HIGH-INTENSITY TRAINING IMPROVES BOTH AEROBIC AND ANAEROBIC FUNCTION
Heyer, L., Breil, F., Lehmann, A., Reichlin, L., Prisi, D., & Vogt, M. (2009). Manipulation of training intensity distribution in distance runners and its impact on endurance performance: A cross-over study. A paper presented at the 14th Annual Congress of the European College of Sport Science, Oslo, Norway, June 24-27.
"The training intensity distribution between elite and moderately-trained athletes is different. Untrained or moderately-trained subjects commonly exercise following a "threshold-training" model allocating a high proportion of moderate intensity exercises while (international) elite athletes seem to prefer a “polarized training” distribution tending to minimize trainings between the first (VT1) and second ventilatory threshold (VT2)."
This study evaluated the effect of a polarized training distribution on physiological determinants of performance in endurance runners. In the first year and after a 12-week baseline period, well-trained recreational runners (N = 15) were randomly assigned to either a polarized training or a normal training period for 10 weeks. In accordance with a cross-over design, training groups were switched to the other training protocol for the same training duration one year later. During polarized training, Ss performed ~70% of all endurance sessions in zone 1 (
VO2max increased significantly for the normal training group but not for the polarized group. Maximal running speed, ventilatory thresholds, and running economy did not change for either training group. Respiratory exchange ratio was significantly decreased at 10 km/hr, 11.5 km/hr, and at 13 km/hr only after polarized training. In the anaerobic 30-second Wingate tests, peak power output and mean power output only increased after undergoing polarized training. Despite unaltered training volume (~5 hr/wk), body fat content was significantly higher after polarized training.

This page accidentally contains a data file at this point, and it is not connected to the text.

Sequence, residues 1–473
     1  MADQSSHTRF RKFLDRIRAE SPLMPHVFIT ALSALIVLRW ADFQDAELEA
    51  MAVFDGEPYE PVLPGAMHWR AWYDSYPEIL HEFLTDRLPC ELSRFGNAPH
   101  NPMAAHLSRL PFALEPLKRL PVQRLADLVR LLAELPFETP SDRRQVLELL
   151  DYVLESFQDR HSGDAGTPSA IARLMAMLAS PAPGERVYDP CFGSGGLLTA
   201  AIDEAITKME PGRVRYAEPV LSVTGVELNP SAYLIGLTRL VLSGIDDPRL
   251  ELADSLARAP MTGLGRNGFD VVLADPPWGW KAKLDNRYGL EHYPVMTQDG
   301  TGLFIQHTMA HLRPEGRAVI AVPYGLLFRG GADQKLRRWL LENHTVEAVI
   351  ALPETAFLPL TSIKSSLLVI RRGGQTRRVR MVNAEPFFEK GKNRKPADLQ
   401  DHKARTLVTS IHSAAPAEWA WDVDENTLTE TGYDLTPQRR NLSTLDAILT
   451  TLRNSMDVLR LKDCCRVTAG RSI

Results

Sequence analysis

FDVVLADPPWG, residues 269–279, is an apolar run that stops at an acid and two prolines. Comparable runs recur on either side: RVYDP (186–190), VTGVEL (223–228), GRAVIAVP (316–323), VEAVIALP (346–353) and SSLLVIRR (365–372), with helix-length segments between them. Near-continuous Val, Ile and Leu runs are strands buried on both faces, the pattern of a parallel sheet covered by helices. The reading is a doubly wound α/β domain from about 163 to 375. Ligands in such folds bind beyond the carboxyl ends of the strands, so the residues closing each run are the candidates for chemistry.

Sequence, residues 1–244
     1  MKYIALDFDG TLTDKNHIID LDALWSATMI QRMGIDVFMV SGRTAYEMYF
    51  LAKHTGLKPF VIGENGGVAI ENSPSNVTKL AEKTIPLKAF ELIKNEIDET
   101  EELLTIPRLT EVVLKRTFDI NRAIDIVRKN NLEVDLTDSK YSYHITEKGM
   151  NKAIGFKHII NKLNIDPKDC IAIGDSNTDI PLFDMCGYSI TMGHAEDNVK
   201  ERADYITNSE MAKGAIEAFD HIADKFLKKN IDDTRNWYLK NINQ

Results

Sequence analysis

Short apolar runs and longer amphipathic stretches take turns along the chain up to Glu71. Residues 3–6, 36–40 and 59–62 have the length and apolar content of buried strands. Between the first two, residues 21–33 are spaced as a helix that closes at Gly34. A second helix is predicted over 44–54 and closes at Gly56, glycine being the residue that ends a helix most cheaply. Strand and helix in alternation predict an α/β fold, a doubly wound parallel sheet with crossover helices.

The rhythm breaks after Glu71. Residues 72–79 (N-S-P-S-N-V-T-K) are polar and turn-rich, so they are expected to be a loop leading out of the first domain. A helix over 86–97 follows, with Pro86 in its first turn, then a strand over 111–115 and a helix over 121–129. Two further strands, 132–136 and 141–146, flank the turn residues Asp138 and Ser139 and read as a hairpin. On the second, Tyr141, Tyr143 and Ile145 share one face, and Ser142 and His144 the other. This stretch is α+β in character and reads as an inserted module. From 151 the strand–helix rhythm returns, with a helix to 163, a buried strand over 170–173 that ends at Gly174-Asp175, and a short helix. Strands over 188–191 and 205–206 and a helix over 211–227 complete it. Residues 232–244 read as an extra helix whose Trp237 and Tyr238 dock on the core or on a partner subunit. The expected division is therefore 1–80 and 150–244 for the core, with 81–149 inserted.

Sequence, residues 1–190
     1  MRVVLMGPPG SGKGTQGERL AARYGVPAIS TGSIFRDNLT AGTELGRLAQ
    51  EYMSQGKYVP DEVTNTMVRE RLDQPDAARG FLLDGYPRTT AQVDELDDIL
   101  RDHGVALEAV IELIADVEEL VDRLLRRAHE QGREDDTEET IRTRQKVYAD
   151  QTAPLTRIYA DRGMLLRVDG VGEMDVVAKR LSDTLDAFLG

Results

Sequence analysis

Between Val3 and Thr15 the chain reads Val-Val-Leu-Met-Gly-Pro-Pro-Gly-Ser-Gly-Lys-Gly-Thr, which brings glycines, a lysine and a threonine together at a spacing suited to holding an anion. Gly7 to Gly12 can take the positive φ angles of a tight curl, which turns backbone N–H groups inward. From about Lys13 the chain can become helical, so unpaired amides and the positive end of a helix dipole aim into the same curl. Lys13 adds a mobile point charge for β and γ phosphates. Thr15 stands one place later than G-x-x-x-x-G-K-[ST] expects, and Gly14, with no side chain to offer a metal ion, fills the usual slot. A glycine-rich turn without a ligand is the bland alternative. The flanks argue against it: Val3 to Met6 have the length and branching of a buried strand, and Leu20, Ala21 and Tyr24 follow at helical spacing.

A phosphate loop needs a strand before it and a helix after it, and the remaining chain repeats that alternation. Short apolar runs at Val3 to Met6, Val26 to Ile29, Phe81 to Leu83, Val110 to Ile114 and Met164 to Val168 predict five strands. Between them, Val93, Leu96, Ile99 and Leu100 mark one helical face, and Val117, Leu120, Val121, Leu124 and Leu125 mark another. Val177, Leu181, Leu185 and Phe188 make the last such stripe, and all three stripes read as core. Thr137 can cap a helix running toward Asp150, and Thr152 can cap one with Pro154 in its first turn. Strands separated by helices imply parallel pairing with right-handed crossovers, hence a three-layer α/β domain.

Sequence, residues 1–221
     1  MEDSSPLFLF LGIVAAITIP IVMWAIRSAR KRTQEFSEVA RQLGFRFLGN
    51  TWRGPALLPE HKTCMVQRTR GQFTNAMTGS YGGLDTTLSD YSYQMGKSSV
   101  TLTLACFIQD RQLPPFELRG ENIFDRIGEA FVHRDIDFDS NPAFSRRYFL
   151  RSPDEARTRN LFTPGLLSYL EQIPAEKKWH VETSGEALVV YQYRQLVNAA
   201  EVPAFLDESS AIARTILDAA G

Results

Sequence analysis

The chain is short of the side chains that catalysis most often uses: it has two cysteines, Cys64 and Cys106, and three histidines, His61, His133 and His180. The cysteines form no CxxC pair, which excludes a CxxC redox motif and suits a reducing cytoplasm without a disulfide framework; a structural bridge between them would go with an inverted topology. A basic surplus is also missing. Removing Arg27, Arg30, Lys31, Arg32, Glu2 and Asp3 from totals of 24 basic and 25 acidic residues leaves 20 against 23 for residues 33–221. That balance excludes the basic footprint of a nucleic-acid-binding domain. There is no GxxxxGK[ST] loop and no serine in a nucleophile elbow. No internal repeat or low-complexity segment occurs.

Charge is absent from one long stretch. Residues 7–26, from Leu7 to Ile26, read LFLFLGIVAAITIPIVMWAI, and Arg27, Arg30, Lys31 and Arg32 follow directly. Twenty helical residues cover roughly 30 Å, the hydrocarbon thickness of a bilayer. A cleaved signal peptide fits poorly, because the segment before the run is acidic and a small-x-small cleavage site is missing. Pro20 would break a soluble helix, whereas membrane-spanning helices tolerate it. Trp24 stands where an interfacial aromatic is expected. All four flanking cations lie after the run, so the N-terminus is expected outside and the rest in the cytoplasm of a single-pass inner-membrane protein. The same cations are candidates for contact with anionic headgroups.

Implication. When frequency of high intensity training in zone 3 is fixed at around 25% of total endurance sessions, the relative contribution of low (zone 1) and middle (zone 2) intensity training does not affect maximal endurance performance in well-trained recreational runners. The polarized training pattern seems to slightly modify substrate selection and improves anaerobic performance. Unlike elite athletes, a polarized distribution of the training intensity seems not to be preferable for recreational runners performing low to moderate training volumes. If training intensity is not high enough, anaerobic gains are quite limited. When high-intensity training is included in a program, lower-intensity training adds little, if anything, to the functioning of an endurance athlete.
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